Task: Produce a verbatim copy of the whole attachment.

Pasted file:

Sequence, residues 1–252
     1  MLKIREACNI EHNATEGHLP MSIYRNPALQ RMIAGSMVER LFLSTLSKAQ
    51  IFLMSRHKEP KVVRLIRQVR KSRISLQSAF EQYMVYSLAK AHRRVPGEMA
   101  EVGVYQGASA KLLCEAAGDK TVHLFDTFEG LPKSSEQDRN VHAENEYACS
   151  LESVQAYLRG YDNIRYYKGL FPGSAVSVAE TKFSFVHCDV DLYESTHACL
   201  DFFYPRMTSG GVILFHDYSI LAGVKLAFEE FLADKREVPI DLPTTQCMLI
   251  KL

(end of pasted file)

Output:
Sequence, residues 1–252
     1  MLKIREACNI EHNATEGHLP MSIYRNPALQ RMIAGSMVER LFLSTLSKAQ
    51  IFLMSRHKEP KVVRLIRQVR KSRISLQSAF EQYMVYSLAK AHRRVPGEMA
   101  EVGVYQGASA KLLCEAAGDK TVHLFDTFEG LPKSSEQDRN VHAENEYACS
   151  LESVQAYLRG YDNIRYYKGL FPGSAVSVAE TKFSFVHCDV DLYESTHACL
   201  DFFYPRMTSG GVILFHDYSI LAGVKLAFEE FLADKREVPI DLPTTQCMLI
   251  KL